Ever since the 19th-century Congress of Vienna—when pundits joked "The city dances, but it never gets anything done"—Viennese extravagance and gaiety have been world-famous. Fasching, the season of Carnival, was given over to court balls, opera balls, masked balls, chambermaids' and bakers' balls, and a hundred other gatherings, many held within the glittering interiors of Baroque theaters and palaces. Presiding over the dazzling evening gowns and gilt-encrusted uniforms, towering headdresses, flirtatious fans, "Wine, Women, and Song," Die Fledermaus, "Blue Danube," hand kissing, and gay abandon was the baton of the waltz emperor, Johann Strauss. White-gloved women and men in white tie would glide over marble floors to his heavenly melodies. They still do. Now, as in the days of Franz Josef, Vienna's old three-quarter-time rhythm strikes up anew each year at New Year's Eve and continues through Carnival, or Fasching.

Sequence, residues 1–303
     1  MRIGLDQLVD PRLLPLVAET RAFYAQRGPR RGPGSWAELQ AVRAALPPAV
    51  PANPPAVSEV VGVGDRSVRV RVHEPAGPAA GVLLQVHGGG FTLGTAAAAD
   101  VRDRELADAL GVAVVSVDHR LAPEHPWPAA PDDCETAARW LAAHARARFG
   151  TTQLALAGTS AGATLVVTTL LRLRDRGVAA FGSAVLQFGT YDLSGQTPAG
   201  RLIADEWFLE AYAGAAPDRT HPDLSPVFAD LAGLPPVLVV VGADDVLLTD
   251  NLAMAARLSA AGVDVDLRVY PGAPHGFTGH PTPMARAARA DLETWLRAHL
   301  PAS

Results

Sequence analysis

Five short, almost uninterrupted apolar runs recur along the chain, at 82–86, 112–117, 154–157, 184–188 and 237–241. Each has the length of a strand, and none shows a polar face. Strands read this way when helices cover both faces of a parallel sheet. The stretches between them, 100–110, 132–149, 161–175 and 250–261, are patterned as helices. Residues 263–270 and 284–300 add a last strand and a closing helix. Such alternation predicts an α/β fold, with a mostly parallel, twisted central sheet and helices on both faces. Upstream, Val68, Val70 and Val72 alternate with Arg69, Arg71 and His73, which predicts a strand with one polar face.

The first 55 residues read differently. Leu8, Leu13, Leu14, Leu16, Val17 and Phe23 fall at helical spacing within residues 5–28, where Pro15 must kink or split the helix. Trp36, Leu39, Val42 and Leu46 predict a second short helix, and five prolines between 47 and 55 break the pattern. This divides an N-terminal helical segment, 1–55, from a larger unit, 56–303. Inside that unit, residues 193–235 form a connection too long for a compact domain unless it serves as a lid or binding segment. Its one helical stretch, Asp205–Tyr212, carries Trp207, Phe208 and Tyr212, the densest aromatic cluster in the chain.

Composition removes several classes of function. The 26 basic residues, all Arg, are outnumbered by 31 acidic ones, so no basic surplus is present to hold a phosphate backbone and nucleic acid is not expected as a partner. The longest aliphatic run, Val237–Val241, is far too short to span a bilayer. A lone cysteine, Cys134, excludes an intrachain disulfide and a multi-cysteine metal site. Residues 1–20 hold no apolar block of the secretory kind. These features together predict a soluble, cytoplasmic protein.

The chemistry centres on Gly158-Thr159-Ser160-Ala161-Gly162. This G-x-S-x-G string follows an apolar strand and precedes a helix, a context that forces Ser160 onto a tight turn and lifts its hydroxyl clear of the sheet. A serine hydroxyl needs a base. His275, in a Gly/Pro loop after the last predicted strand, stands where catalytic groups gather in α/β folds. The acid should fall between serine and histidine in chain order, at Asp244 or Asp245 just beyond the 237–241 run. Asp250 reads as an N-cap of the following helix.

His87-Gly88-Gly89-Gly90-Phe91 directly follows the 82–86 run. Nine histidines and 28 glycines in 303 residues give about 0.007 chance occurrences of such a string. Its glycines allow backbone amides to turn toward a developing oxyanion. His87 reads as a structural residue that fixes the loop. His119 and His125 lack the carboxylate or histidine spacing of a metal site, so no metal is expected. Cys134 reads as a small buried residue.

During January and February as many as 40 balls may be held in a single evening. Many events are organized by a professional group, including the Kaiserball (Imperial Ball), Philharmonikerball (Ball of the Philharmonic Orchestra), Kaffeesiederball (Coffee Brewers' Ball), the Zuckerbaeckerball (Confectioners' Ball), or the Opernball (Opera Ball). The latter is the most famous—some say too famous. This event transforms the Vienna Opera House into the world's most beautiful ballroom (and transfixes all of Austria when shown live on national television). The invitation reads "Frack mit Dekorationen," which means that ball gowns and tails are usually required for most events (you can always get your tux from a rental agency) and women mustn't wear white (reserved for debutantes). But there's something for everyone these days, including the "Ball of Bad Taste" or "Wallflower Ball." The zaniest might be the Life Ball, sponsored by a charity raising funds for people with HIV. After your gala evening, finish off the morning with a Katerfrühstuck—hangover breakfast—of goulash soup.
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